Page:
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India Mulling Iran Petrochem Investment
Energy

India Mulling Iran Petrochem Investment

Indian companies have expressed interest in investing in Iran’s petrochemical industry, director of the National Petrochemical Company (NPC) said Wednesday.
“Since Iran’s oil money remains frozen in Indian banks, New Delhi aims to reimburse part of that money through financing petrochemical projects in Iran,” Abbas Sheri-Moqaddam was quoted by IRNA as saying.
India settles 45 percent of its oil trade with Iran in rupees, with the rest held back by the refiners who buy the oil. These unpaid funds are released as and when Tehran is allowed to access them as part of the easing of financial restrictions imposed by the West over the country's nuclear energy program.
Sheri-Moqaddam said the government has given assurances to foreign companies that their investment in Iran's petrochemical projects will be secure.
“Foreign companies are eagerly waiting for the complete removal of anti-Iran sanctions,” the NPC chief added, noting that European companies prefer to start joint ventures in Iran once they are convinced that no political and economic restrictions threatens their investment. Iran's annual petrochemical production capacity is expected to hit 100 million tons from the current 60 million tons by 2020 if sanctions over Tehran's nuclear energy program are lifted.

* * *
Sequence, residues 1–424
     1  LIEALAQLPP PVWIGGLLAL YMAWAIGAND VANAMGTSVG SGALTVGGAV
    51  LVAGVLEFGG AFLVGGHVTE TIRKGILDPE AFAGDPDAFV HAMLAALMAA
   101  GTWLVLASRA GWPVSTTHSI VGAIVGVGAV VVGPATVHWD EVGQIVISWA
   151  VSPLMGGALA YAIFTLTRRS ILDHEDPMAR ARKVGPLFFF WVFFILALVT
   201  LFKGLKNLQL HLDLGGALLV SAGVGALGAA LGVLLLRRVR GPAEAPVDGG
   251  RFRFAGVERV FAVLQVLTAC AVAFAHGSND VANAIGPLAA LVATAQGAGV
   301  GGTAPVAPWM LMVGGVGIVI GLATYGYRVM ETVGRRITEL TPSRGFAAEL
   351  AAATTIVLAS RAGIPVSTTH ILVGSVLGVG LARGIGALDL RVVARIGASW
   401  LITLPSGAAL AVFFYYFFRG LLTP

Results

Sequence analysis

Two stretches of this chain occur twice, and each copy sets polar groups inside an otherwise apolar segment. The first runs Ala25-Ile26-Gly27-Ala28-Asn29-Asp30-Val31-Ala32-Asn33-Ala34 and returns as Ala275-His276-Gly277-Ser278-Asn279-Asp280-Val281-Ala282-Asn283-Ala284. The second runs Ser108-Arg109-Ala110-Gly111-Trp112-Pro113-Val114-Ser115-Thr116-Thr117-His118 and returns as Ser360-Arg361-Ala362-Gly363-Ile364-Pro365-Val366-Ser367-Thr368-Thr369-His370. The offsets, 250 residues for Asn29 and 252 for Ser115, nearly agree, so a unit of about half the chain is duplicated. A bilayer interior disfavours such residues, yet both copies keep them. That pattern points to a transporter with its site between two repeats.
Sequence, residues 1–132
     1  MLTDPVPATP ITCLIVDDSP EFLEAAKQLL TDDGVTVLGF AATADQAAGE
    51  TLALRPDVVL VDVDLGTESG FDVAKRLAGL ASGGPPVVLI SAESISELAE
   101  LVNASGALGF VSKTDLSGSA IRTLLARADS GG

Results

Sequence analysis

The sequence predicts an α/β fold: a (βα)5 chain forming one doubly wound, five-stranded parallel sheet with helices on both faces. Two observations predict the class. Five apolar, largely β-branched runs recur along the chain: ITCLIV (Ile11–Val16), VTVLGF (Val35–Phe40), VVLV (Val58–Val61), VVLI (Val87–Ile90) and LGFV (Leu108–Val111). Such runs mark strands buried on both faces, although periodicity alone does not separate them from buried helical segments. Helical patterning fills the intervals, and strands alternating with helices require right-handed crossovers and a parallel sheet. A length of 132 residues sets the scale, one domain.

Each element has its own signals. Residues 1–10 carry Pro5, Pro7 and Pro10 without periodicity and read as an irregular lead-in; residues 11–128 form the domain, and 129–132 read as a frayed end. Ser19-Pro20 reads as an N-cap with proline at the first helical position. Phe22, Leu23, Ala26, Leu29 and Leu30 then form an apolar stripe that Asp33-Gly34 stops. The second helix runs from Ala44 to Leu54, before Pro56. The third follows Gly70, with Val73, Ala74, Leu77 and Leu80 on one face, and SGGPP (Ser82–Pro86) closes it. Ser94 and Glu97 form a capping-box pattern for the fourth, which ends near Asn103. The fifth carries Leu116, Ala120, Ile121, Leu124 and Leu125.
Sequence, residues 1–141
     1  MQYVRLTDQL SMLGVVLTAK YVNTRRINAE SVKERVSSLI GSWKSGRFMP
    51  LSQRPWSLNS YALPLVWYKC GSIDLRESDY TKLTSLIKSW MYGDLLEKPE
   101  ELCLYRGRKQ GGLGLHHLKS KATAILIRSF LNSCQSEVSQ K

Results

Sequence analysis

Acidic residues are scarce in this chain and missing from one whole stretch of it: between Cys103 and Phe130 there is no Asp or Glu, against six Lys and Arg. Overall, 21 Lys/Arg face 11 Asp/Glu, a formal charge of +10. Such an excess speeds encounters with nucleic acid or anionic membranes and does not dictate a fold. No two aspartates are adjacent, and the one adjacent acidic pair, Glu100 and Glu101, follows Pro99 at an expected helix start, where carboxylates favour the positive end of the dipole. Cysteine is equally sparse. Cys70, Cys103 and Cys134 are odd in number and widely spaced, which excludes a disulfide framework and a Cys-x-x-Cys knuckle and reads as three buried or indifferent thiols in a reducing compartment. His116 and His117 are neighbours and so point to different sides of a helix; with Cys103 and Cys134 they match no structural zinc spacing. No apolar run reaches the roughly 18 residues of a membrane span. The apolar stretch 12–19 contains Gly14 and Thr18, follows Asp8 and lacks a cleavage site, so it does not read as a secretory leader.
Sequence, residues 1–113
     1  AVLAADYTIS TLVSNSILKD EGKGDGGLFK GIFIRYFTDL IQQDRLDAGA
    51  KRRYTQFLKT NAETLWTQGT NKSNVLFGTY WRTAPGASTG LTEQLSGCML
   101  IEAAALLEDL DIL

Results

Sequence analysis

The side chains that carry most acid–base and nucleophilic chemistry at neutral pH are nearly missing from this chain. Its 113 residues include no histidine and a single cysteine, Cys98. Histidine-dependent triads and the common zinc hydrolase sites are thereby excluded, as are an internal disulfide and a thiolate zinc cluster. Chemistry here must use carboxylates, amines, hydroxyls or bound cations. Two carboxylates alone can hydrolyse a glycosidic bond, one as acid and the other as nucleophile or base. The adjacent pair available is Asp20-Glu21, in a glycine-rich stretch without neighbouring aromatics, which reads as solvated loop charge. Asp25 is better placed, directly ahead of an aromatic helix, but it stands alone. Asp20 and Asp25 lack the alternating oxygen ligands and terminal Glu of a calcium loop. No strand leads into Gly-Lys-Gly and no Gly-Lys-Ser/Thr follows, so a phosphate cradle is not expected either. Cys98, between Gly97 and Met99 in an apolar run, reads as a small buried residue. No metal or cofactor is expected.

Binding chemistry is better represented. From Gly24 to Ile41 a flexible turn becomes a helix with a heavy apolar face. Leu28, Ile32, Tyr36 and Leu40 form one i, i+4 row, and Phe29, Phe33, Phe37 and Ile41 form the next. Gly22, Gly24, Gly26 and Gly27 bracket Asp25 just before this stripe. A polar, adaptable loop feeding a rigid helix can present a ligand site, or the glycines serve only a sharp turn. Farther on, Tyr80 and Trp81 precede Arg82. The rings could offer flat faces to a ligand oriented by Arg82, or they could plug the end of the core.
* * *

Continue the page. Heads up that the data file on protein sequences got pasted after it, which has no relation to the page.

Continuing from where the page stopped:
Iran hopes to see its petrochemical production capacity increase 1.3 million tons by the end of the next Iranian year (March 2016), Sheri-Moqaddam said.
Iran produced 40 million tons of petrochemical products last year, while export of petrochemicals totaled $9 billion. "The number is projected to reach around $12 billion by the end of this year (March 20) as Iran plans to become the leading producer of petrochemicals in the Middle East," the official stated. Iran has significantly expanded the range and volume of its petrochemical production over the past few years, and the NPC has become the second largest producer and exporter of petrochemicals in the Middle East after Saudi Arabia.

  Water-Intensive  
Iran plans to establish petrochemical plants in the coastal regions, a senior official from the NPC said. Marzieh Shah-Daei was quoted by Shana as saying that the coastal provinces make a perfect location for petrochemical production process, "which usually consumes large volumes of water."
“Petrochemical industry is water and energy-intensive. That is why many petrochemical units are cutting down on production and exports as they face water shortage,” she said. The NPC official said that low precipitation poses a serious challenge to the development of petrochemical industry.  

 

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